The application process typical takes 60-90 days to process.  It often takes investors up to 30 days to evaluate, select a project, and assemble all the needed materials for the application.  Accordingly, the total time from is typically 3-4 months at which point the applicant will be a Grenadian citizen and entitled to file for the E-2 visa.  The applicant does not need to visit Grenada to undertake the process.  However, it is advisable to visit, at least in the period prior to the consular appointment (described more fully below), so it helps establish the local connections.  When there, the applicant can obtain a driver’s license, open a local bank account, and often it is advisable to rent an apartment or undertake other steps which help establish deeper local connections.

Step 2: Applying for the E-2 Visa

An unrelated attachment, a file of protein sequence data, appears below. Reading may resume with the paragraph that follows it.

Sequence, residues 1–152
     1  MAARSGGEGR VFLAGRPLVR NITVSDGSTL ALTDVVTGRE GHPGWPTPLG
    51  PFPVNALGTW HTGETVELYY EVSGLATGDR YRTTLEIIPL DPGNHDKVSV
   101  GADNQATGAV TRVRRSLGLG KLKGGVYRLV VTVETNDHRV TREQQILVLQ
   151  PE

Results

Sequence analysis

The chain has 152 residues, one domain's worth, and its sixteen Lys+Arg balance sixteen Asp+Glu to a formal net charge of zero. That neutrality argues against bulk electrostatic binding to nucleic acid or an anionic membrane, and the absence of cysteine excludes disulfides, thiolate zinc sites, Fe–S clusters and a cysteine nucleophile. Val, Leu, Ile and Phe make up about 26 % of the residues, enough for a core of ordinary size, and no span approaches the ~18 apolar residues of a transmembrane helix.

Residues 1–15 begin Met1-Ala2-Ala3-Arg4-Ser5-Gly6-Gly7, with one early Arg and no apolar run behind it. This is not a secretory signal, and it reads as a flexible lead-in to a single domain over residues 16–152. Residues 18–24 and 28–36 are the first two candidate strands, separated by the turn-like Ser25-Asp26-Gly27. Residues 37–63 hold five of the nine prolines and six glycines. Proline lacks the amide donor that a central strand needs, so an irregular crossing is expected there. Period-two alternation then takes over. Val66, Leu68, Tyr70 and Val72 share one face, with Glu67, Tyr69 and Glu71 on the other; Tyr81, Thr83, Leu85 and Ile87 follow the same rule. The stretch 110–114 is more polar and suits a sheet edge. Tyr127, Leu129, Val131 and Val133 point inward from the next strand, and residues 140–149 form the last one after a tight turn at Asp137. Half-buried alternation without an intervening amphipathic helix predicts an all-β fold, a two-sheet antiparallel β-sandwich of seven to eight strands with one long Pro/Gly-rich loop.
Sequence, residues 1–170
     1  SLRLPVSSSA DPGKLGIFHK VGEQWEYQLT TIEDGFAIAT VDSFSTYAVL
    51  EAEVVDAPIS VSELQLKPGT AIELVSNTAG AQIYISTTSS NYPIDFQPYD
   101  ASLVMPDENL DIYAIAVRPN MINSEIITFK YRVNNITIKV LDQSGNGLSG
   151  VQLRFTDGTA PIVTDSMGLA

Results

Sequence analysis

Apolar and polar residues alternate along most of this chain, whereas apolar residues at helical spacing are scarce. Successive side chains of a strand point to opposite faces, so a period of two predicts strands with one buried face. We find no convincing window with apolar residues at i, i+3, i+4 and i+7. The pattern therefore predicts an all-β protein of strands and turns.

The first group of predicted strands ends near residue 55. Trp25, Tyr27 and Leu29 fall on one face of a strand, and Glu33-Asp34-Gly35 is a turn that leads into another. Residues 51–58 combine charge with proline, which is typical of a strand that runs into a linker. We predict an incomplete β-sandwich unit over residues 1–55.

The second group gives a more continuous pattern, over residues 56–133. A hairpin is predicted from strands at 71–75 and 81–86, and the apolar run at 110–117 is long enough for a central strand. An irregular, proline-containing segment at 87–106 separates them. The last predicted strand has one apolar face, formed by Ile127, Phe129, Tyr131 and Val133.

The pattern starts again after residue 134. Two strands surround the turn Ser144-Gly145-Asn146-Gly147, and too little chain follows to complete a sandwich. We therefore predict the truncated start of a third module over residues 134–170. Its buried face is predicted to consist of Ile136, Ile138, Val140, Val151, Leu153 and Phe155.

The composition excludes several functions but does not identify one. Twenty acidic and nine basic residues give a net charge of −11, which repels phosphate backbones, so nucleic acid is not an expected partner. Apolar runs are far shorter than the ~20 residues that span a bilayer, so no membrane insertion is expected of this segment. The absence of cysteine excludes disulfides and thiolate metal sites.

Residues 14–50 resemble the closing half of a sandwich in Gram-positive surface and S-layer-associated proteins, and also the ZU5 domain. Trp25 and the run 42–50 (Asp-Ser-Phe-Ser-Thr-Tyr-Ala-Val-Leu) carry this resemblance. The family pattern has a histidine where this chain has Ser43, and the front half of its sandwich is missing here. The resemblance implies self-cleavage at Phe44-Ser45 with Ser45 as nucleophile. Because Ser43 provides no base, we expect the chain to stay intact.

Once the applicant receives his or her Grenadian passport, the person is legally eligible to apply for the E-2 visa to the United States.  The visa is premised on the applicant coming to the US to manage a US business.  The business can be in anything that is legal in the US.  Certain businesses, such as Cannabis or Cryptocurrencies are best to be avoided due to the potential conflict with federal banking and other laws.   The regulations do not specify an exact amount of investment.  The business must be material and is required to produce enough income to support a living wage for the applicant.  Typically, the minimum amount of a business the applicant will manage directly, to avoid the question of whether the amount is material, is $150,000.  Often, when investing in a business created by a third-party, investment amounts required can be $300,000 and up.  There is no limit on the size of the investment.